Restoring a River Mouth At Port Susan Bay

Update: This project was completed in October 2012

Salmon, Dungeness crab, gray whales and people will find more to eat in Port Susan Bay once the Conservancy finishes a restoration project at the Port Susan Bay Preserve. Construction is well underway on the project to restore 150 acres of tidal wetlands and return natural processes to the bay, near Stanwood in Snohomish County.

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“This project is part of widespread, ongoing efforts to ensure the health of Puget Sound,” said Chris Davis, the Conservancy’s director of conservation for Puget Sound. “We expect this restoration project to pay off for local communities with more salmon, a healthier Port Susan Bay and better infrastructure to protect surrounding farmland against flooding.”

Restoration in Action

Contractors are building up a century-old dike that protects farmlands to the east of the preserve. Once that dike has been reinforced to 21st-century standards, the 50-year-old sea dike that artificially directed the river’s flow south in the bay will be removed. Then the river’s fresh water will once again wash through the northernmost end of Port Susan Bay, creating that rich interplay of fresh and salt water that’s so important for juvenile salmon and other marine life.

Read more about Puget Sound

In addition, the Conservancy is partnering with the Stillaguamish Flood Control District to build an emergency floodgate that will provide flood relief for farmland on Florence Island, between Hatt Slough and the Old Stilly Channel.

 “Every salmon in the Stillaguamish River uses the delta at some point in its life, but the historical delta now includes a piece of the City of Stanwood, and a lot of fertile flat land that is a critical part of our food system,” said Paul Cereghino, Restoration Ecologist at NOAA Restoration Center, one of the project funders. “We have to look at fish, farm land protection, drainage infrastructure, sea level rise, development, and flood risk in an integrated way if we want delta landscapes to work for everyone into the future.”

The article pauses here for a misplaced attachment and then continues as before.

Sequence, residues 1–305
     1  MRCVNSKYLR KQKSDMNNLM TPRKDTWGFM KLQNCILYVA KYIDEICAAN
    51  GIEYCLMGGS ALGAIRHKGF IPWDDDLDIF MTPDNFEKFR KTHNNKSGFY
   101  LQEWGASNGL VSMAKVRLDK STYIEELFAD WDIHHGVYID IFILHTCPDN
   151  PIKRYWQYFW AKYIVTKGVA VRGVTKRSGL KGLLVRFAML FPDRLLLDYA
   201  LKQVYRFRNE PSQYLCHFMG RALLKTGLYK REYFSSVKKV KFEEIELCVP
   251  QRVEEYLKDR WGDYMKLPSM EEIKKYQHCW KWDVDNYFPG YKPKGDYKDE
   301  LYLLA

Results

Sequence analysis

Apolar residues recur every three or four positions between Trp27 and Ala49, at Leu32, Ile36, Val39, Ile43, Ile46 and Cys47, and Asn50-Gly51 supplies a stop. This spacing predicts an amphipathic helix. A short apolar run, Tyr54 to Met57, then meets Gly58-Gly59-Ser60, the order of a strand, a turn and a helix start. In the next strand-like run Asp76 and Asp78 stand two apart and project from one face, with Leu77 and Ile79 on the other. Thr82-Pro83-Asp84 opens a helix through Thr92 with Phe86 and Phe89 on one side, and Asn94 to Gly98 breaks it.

Next Steps

The Conservancy owns the 4,122-acre Port Susan Bay Preserve, which encompasses much of the Stillaguamish River estuary. Public access to the preserve is closed during the restoration project, which is expected to be completed by the end of October. Once the restoration is complete, the site will reopen for visitors by reservation.

Funding for the project comes from the state Salmon Recovery Funding Board, the state Estuary and Salmon Restoration Program, the state construction bill, NOAA’s Estuary Habitat Restoration Program and private donations.

Because of the scope of the project and the importance of estuaries to many people, the Conservancy engaged a broad-based technical advisory committee to help inform and guide project design including the flood district, landowners, biologists, permitting agencies and tribal officials.

The Power of Partnership

This multiple-benefits project would not have been possible without strong partnerships. Project partners include:

Stillaguamish Flood Control District
Twin City Foods
Washington Department of Fish and Wildlife
National Oceanic and Atmospheric Administration
Washington Recreation and Conservation Office
Stillaguamish Watershed Council
Puget Sound Partnership
Stillaguamish Tribe
Tulalip Tribes
Snohomish Conservation District
Snohomish County
United States Army Corps of Engineers
Washington Department of Ecology
Washington Department of Natural Resources


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